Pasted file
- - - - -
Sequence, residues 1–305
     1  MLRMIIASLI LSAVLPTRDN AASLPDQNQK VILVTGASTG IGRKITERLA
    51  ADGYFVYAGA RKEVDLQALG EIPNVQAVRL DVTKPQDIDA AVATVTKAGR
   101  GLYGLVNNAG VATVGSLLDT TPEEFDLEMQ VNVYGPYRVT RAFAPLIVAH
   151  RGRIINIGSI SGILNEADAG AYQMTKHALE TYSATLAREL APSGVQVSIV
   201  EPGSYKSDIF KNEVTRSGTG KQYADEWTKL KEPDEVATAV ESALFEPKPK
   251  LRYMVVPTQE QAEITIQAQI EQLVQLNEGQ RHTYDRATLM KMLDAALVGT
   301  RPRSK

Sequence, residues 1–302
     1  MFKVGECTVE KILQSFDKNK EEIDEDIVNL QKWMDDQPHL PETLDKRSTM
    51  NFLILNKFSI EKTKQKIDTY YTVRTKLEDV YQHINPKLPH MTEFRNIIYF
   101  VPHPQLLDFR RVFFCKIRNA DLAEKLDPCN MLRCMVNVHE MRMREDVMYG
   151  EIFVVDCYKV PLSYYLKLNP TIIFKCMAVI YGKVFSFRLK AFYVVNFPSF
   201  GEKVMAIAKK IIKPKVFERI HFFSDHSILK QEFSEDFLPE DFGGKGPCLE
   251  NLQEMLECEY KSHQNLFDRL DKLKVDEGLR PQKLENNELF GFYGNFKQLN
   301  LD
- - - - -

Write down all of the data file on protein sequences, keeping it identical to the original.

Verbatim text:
Sequence, residues 1–305
     1  MLRMIIASLI LSAVLPTRDN AASLPDQNQK VILVTGASTG IGRKITERLA
    51  ADGYFVYAGA RKEVDLQALG EIPNVQAVRL DVTKPQDIDA AVATVTKAGR
   101  GLYGLVNNAG VATVGSLLDT TPEEFDLEMQ VNVYGPYRVT RAFAPLIVAH
   151  RGRIINIGSI SGILNEADAG AYQMTKHALE TYSATLAREL APSGVQVSIV
   201  EPGSYKSDIF KNEVTRSGTG KQYADEWTKL KEPDEVATAV ESALFEPKPK
   251  LRYMVVPTQE QAEITIQAQI EQLVQLNEGQ RHTYDRATLM KMLDAALVGT
   301  RPRSK

Sequence, residues 1–302
     1  MFKVGECTVE KILQSFDKNK EEIDEDIVNL QKWMDDQPHL PETLDKRSTM
    51  NFLILNKFSI EKTKQKIDTY YTVRTKLEDV YQHINPKLPH MTEFRNIIYF
   101  VPHPQLLDFR RVFFCKIRNA DLAEKLDPCN MLRCMVNVHE MRMREDVMYG
   151  EIFVVDCYKV PLSYYLKLNP TIIFKCMAVI YGKVFSFRLK AFYVVNFPSF
   201  GEKVMAIAKK IIKPKVFERI HFFSDHSILK QEFSEDFLPE DFGGKGPCLE
   251  NLQEMLECEY KSHQNLFDRL DKLKVDEGLR PQKLENNELF GFYGNFKQLN
   301  LD